Topic ID #36598 - posted 1/10/2016 10:42 AM

2016 Cahokia Field School in the USA



ifrglobal


This field school is run by the Institute for Field Research. For any questions, please email info@ifrglobal.org or call us toll free at +1 (877) 839-4374. Institute for Field Research office address: 2999 Overland Ave. #103, Los Angeles, CA, 90064

 

Location: Shiloh, Illinois
Cost: $4,550
Course Dates: June 19 – July 23, 2016
Field School Website: http://ifrglobal.org/programs/north-america/us-il-cahokia-2016

Attending students will be awarded 8 semester credit units (equivalent to 12 quarter units) through our academic partner, University of California Los Angeles.

Tuition includes registration, accommodations, programs, meals on workdays, and health insurance. Airfare, weekend meals, and optional excursions are additional.


OVERVIEW

This field school will take place at Cahokia Mounds State Historic Site in Collinsville, Illinois. Cahokia Mounds is located near modern day St. Louis, Missouri, and dates back to the 11th-14th century CE. It is the largest Native American city north of Mexico. Participating students will be a part of this new research project focusing on the role of water in the creation and organization of social space.  This project targets a residential area between two aboriginally constructed water features. We will be excavating three features, an early residential house, a late compound wall, and a possible special-use building that likely dates to the later part of Cahokia’s occupation.  The overall project goal is to obtain a better understanding of the importance of water to residential and religious life during Cahokia’s formative years and its decline.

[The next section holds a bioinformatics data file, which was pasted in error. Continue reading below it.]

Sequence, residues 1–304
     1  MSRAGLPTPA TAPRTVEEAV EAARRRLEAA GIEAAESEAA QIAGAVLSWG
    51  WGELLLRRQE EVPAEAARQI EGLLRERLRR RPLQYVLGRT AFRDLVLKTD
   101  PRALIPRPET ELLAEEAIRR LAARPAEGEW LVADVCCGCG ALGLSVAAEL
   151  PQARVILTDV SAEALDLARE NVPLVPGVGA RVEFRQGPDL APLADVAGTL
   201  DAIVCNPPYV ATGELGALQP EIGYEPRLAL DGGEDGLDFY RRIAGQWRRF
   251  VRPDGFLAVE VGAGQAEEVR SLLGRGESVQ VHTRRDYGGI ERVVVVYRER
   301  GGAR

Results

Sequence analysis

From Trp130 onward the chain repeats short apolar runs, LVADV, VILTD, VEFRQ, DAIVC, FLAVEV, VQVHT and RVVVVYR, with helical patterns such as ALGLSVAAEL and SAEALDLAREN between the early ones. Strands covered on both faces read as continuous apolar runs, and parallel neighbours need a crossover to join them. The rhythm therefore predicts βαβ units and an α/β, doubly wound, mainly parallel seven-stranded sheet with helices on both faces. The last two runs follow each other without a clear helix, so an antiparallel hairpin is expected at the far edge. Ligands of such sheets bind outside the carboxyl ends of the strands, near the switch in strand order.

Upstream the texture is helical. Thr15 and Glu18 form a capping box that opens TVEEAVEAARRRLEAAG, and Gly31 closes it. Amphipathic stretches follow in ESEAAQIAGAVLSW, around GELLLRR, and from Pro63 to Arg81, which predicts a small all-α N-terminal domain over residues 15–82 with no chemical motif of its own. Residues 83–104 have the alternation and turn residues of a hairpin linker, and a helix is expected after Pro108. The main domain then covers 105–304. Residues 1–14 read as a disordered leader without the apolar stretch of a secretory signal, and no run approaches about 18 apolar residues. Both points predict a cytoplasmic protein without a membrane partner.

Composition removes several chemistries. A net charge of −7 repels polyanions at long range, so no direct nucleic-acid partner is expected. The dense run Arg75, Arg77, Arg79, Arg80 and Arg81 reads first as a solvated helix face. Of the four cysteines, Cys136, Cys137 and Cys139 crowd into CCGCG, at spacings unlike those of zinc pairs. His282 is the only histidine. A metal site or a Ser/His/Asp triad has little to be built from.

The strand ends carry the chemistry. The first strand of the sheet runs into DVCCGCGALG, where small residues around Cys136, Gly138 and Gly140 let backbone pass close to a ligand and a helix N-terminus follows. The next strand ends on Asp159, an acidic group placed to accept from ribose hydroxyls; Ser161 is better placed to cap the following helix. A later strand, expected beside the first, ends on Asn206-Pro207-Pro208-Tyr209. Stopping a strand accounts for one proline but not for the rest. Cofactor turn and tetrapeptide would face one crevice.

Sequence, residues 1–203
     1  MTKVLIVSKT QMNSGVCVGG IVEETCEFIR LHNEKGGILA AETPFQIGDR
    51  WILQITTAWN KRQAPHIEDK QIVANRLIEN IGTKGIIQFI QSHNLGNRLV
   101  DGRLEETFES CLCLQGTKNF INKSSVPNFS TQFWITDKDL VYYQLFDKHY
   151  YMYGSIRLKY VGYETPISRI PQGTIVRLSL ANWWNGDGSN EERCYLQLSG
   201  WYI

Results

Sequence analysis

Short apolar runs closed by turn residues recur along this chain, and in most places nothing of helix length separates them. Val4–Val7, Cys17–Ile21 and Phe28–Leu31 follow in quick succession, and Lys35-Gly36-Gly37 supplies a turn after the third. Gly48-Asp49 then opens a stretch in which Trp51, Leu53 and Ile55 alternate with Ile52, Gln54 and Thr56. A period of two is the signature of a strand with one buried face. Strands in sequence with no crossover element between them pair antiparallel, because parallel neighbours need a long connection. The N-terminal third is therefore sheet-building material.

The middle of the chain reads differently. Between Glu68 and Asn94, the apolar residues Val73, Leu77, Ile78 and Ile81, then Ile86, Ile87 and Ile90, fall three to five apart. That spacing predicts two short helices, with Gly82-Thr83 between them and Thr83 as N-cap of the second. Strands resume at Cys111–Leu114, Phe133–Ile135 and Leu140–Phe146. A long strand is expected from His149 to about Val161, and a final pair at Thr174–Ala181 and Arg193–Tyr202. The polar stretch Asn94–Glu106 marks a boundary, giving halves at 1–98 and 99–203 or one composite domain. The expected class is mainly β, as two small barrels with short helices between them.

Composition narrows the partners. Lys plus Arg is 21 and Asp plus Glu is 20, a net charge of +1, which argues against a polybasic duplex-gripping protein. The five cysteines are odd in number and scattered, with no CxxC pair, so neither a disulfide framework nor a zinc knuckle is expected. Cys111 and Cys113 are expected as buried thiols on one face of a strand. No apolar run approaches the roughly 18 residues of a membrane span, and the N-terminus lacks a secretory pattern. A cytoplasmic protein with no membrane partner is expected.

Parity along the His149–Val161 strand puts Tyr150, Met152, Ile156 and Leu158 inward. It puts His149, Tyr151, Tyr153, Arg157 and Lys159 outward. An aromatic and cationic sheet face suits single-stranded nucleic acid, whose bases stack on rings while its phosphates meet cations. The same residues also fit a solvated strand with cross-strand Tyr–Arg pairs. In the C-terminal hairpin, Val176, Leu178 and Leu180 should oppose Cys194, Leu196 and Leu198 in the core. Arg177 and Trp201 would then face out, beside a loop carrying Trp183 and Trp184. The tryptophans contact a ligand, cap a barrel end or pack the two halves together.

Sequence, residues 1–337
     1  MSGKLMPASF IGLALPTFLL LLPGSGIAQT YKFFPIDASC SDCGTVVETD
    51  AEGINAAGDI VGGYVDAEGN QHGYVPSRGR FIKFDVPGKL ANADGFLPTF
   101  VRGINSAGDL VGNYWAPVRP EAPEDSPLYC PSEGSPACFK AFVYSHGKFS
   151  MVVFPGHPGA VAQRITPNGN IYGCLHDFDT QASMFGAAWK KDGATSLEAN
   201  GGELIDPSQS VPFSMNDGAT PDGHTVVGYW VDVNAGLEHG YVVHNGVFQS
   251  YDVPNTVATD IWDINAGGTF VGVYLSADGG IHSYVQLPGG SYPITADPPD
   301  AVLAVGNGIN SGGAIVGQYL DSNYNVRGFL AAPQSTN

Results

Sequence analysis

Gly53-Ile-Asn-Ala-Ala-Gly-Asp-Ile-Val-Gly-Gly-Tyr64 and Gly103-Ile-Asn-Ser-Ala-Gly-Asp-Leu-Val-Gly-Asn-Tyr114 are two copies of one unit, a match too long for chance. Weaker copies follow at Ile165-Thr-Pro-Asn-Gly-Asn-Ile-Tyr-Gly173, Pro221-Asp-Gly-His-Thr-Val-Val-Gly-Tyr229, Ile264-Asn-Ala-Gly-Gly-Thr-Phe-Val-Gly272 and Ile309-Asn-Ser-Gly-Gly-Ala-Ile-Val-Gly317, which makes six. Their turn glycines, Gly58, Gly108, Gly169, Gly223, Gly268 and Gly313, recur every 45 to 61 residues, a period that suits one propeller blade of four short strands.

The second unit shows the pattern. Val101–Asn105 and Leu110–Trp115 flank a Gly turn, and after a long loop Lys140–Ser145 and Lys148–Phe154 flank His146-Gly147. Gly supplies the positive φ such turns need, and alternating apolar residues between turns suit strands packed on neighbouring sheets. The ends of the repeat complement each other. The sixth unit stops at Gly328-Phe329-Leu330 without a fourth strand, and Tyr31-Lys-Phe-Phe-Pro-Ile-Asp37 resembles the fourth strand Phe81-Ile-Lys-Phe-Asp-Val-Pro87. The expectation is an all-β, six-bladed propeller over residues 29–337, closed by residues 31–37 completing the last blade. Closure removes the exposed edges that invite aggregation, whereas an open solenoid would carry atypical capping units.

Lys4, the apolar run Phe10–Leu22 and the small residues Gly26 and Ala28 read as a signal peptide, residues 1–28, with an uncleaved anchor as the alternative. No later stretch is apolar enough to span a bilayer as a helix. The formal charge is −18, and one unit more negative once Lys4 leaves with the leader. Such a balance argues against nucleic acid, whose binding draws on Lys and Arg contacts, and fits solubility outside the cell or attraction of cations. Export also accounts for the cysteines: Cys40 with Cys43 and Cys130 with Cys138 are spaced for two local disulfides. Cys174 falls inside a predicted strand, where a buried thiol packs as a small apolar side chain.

INSTRUCTORS

faculty sarah baires
Dr. Sarah E. Baires (bairess@easternct.edu) is an Assistant Professor of Anthropology at Eastern Connecticut State University.
faculty Melissa Baltus
Dr. Melissa R. Baltus (
Melissa.Baltus@UToledo.Edu) is an Assistant Professor in the Department of Sociology and Anthropology at the University of Toledo. 



ACCOMODATIONS

Students will live in comfortable, but modest, field housing in the Shiloh (IL) area at a local apartment complex.  Each unfurnished apartment will be shared by up to five people and will have two bedrooms, one kitchen, and one bathroom. Students will be required to bring their own blow up twin-size mattress or cot, bedding (or sleeping bag), and towel(s). The site of Cahokia is located in Collinsville, Illinois a 30-minute drive from the field lodging. 

 

MEALS: All meals will be communal events and will provide plenty of nutritious but basic food. The daily diet will consist of protein, vegetable, and grains.  Specialized diets (vegan, kosher, etc.) are difficult to maintain in a large group setting. Vegetarians, however, are more easily accommodated. Likewise, dietary allergies will be accommodated.

LEARNING OUTCOMES

On successful completion of the field school, students will be able to:

• Understand the different elements of an archaeological field project and the relationships between these elements

• Apply standard excavation methods to archaeological contexts

• Use standard recording techniques to document excavation results

• Undertake preliminary processing of archaeological artifacts and ecofacts

• Undertake preliminary analysis of archaeological artifacts and ecofacts

 

 

FIELD SCHOOL CONDITIONS

Archaeological field work involves physical work in the outdoors. You should be aware that conditions in the field are different than those you experience in your home, dorms or college town. This program operates in a hot and humid environment in southern Illinois. During the day, temperatures fluctuate between 70-100 degrees. Humidity is relatively high and mosquitoes and/or flies may be close to the excavation area. You are required to wear sunscreen in order to protect yourself from sunburn. A hat is highly recommended. Additionally, students must drink plenty of water in these conditions to prevent dehydration, heat exhaustion, or heat stroke. If you have any medical concerns, please consult with your doctor. For all other concerns, please consult with the project director – as appropriate.






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